Climate change (what we used to call global warming) is beginning to have a drastic effect on the world of wine. The last time I wrote about this, several years ago, it was more of a threat (“If the trend continues…”) than a reality. Slowly but gradually, the very existence of our best wine regions is under attack from higher temperatures.
This is not a political statement. Grapevines are neither liberal nor conservative, none of them have ever heard of Al Gore, and they are extremely sensitive to changes in temperature. They don’t care why it’s getting warmer, but they like it— initially, it causes them to flourish and increase production. One of the ironies of climate change is that, in the short term, it has produced a string of excellent vintages around the world. Regions that traditionally struggled to produce ripe grapes, such as Bordeaux or Burgundy, have achieved record levels of ripeness in recent years.
The trend is now reversing. Harvest is coming earlier in Bordeaux and Burgundy, and alcohol levels are rising. If the pattern continues, many experts fear that growing Pinot Noir in the Cotes de Nuits won’t be a viable option in fifty years. Germany has also benefited from a series of good vintages, but levels of rainfall are drastically on the rise, and vines in the Mosel are suffering from vine diseases usually found further south. Vintners in Chile and Argentina are moving their operations higher into the Andes Mountains, to take advantage of cooler growing seasons. Southern England, an area only capable of producing sparkling wines twenty years ago, is suddenly becoming known for full-bodied reds. I recently read an article by Jancis Robinson MW in which she gives favorable reviews to numerous wines from Holland, a country better known until recently for making beer and Gin.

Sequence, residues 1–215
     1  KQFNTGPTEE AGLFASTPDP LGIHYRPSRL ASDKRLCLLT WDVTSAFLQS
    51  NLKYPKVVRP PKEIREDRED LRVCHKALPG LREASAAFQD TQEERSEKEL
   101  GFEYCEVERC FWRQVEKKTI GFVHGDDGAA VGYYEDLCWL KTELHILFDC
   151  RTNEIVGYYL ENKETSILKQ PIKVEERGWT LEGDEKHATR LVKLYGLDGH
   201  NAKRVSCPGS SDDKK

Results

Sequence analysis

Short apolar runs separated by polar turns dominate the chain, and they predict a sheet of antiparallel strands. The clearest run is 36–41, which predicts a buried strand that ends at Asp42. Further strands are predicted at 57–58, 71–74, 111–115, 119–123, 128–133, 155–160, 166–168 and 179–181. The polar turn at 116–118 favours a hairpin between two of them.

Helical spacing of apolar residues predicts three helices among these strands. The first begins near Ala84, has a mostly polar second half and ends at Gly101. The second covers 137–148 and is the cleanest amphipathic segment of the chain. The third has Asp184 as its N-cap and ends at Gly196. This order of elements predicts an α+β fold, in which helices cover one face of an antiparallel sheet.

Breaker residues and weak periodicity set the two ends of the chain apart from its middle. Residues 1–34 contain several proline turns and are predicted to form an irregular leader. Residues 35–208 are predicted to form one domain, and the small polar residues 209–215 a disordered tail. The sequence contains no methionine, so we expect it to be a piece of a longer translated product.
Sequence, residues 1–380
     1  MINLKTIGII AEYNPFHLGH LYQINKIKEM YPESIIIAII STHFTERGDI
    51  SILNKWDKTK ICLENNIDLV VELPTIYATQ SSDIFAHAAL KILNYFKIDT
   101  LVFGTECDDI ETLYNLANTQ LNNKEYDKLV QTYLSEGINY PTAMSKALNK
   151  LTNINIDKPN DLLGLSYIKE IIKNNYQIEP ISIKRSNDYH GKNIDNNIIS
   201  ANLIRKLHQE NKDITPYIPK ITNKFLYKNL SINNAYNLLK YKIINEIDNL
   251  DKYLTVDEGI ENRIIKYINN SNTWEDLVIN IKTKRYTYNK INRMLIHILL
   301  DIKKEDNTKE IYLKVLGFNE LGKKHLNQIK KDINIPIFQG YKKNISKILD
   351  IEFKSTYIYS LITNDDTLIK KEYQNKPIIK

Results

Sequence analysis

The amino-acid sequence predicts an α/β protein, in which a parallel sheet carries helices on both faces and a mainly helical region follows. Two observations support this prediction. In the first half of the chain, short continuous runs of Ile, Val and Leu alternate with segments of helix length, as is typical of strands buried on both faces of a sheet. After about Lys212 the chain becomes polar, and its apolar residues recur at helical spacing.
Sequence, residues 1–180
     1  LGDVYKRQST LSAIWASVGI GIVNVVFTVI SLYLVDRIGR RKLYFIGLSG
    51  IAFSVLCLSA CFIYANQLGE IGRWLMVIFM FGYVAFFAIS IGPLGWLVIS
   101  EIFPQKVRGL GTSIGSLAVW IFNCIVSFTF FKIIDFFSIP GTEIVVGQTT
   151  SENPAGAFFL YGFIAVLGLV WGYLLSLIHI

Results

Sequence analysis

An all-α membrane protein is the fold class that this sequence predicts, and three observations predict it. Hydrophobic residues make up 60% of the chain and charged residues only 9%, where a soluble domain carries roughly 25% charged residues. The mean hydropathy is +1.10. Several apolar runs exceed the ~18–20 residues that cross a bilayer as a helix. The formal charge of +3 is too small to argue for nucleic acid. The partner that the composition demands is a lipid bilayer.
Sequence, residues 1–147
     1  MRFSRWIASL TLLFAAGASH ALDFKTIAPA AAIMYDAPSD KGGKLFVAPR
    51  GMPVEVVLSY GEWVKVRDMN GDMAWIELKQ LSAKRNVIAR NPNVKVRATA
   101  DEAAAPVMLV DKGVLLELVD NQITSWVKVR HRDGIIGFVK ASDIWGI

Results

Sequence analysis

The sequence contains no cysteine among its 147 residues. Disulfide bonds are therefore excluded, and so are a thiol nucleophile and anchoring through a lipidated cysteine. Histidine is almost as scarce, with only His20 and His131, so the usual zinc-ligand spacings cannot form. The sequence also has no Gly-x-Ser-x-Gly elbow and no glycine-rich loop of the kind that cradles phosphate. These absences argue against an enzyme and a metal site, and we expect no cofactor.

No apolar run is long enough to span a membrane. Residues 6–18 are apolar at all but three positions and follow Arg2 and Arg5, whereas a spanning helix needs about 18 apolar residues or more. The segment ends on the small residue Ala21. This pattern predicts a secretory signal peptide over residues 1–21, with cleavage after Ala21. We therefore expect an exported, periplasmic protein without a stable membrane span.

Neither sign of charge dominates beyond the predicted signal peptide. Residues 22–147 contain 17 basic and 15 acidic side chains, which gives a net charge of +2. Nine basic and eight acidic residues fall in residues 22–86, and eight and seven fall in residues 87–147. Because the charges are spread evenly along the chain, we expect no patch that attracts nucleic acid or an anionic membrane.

People who believe that climate change is natural and cyclical point to the Medieval Warm Period, which occurred between 1000-1200 A.D., as a previous era of elevated temperatures (followed, interestingly, by a cold epoch known as the Little Ice Age). Whether climate change is natural or man-made, let’s hope that someone figures out a solution soon.